CANTON — There will be several relevant meetings this week as local officials continue to grapple with how to refine their 2017-18 budget plans in light of Gov. Dannel P. Malloy’s budget proposal that includes steep cuts in state aid.
With recent budget proposals by Schools superintendent Kevin D. Case and Chief Administrative Officer Robert H. Skinner, the town, under normal circumstances, would be looking at a very preliminary budget of $38,264,351, an increase of 1.87 percent, which would result in a .22 mill rate increase, impacting the “average” taxpayer $53. And those numbers would likely be trimmed even more after further scrutiny by the boards of education, selectman and finance.
However, this year is much different from most. The boards of education and selectmen are still reviewing the respective proposals but more importantly, the town is grappling with how to prepare for cuts proposed by the governor and whether the state legislature will restore some or all of the funding. At a recent “super board” meeting, Skinner told town officials from various boards that the governor’s reductions in state aid, combined with some additional expenses and other changes, would result in a revenue reduction of $2,117,067 for the fiscal year.If everything else were to stay the same, that average taxpayer, whose home is assessed at some $238,000, would be looking at an increase more along the lines of $707 under the governor’s plan.
Officials are hopeful that the state legislature will take action and, this week, will receive an update from state Sen. Kevin Witkos and state Rep. Tim LeGeyt. Both officials will be in town Wednesday night to provide updates – first at a Board of Education budget hearing and then to the Board of Selectmen.
The BOE hearing will also give the chance for the public to weigh in on Canton superintendent Kevin D. Case’s proposed 2017-18 budget of $25,629,086, which would represent a $462,388 or 1.84 percent increase in spending over 2016-17 levels. That proposal came before the governor’s announcement and even so Case said it was a challenging process with a $1-million plus increase in “fixed costs,” a state law stipulating that towns keep total budget increases under 2.5 percent and $1.6 million in administrator requests.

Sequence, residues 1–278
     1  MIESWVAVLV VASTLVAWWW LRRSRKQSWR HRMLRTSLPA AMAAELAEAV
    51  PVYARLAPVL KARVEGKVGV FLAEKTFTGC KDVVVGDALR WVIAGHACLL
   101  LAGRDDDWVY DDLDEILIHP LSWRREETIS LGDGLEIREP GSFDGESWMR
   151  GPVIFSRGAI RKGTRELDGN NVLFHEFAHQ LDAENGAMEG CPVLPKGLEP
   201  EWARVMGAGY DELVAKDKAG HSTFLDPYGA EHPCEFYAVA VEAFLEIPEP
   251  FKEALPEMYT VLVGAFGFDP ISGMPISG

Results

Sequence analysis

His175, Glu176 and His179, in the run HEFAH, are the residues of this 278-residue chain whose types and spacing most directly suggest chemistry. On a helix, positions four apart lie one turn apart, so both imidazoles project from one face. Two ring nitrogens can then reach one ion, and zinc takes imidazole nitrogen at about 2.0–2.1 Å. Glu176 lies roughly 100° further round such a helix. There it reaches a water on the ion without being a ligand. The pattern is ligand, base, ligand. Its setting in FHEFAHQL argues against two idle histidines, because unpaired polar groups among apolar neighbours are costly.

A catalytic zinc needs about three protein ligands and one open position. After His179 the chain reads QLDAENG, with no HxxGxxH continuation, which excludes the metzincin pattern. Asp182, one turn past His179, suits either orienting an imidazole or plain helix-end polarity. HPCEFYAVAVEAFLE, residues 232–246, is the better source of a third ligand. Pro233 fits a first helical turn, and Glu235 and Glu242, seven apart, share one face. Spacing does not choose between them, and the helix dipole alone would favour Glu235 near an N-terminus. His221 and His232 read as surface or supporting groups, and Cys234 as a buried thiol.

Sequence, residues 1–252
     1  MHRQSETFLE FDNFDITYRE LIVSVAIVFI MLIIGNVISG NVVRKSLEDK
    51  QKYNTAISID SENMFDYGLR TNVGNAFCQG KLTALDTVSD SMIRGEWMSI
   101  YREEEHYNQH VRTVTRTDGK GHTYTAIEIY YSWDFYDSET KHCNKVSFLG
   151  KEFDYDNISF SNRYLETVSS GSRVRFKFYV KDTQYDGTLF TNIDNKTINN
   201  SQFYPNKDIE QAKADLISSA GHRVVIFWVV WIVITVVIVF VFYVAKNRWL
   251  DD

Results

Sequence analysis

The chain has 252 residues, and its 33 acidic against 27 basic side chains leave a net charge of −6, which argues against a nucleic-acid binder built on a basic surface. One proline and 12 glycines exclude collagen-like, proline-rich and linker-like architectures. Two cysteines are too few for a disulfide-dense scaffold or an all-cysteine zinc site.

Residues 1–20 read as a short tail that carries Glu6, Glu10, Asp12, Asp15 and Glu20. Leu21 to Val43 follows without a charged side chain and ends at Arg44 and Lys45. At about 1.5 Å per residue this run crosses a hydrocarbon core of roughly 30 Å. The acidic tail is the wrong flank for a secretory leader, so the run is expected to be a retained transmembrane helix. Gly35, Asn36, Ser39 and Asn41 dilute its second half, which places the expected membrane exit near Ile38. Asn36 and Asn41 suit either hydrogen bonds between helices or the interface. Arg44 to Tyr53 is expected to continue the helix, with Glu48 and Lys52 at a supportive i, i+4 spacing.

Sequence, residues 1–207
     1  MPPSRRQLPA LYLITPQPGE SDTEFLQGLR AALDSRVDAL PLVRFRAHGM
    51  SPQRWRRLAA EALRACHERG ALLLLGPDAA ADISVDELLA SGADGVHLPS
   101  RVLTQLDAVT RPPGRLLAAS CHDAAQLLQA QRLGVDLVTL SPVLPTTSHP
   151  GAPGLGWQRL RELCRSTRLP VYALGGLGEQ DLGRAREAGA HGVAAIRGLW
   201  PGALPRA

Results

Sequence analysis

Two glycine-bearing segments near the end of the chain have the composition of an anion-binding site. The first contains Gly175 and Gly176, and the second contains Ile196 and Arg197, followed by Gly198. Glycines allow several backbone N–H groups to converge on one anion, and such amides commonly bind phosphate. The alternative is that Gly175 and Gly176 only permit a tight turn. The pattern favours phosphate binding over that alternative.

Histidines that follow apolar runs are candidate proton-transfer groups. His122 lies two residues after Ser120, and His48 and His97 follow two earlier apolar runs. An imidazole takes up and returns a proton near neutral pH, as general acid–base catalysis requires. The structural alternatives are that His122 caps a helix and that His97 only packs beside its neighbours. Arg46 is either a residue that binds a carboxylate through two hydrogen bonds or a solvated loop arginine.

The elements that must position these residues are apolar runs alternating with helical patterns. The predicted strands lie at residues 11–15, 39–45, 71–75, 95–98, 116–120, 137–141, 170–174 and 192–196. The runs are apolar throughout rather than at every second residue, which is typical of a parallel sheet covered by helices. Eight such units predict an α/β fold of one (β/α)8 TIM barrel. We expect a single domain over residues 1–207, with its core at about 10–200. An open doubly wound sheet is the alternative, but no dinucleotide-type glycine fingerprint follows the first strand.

“This has been one of the most challenging budgets I’ve put together in my 10 and a half years in Canton,” Case said.
Among the cuts in the proposed budget would be the reduction of 12 full-time equivalent positions in non-certified staff. Case said specific positions have yet to be determined but those would include positions such as paraprofessionals and tutors.
“It’s a hard decision because we are not over-staffed by any means,” Case said. “These are valuable staff members – very, very difficult decision for me.”
Case added that he hopes, that through attrition, to avoid – or at the very least minimize – layoffs.
Other savings were found through grants, open choice funding and some savings in this year’s capital improvement funding dollars.
The budget does include a few new positions such as an additional kindergarten teacher, a .2 full-time high school world language teacher due to increasing Spanish class sizes and a .25 percent capstone coordinator to oversee senior project initiatives.
On the town side, Canton Chief Administrative Officer Robert H. Skinner has proposed a town 2017-18 spending plan of $10,589,284, an increase of $252,200 or 2.44 percent over approved 2016-17 spending levels. To get to the $38.2 million proposal would be after adding it Board of Finance costs, which include debt service, to Case’s and Skinner’s proposals. Again, those numbers would not be final even without the uncertainty at the state level.
The Board of Selectmen will continue to discuss that proposal and what action to take based on the governor’s proposal, as well as direction from the legislators and Board of Finance, which was due to meet Tuesday evening.
The Board of Finance meeting is at 7 p.m. in Room F of the Canton Community Center, 40 Dyer Ave., Canton.
The Board of Education hosts its hearing at 7 p.m. in the lower level of the Canton Community Center, on Wednesday, Feb. 22. The Board of Selectmen meeting takes place at the same time, in Room F of the community center.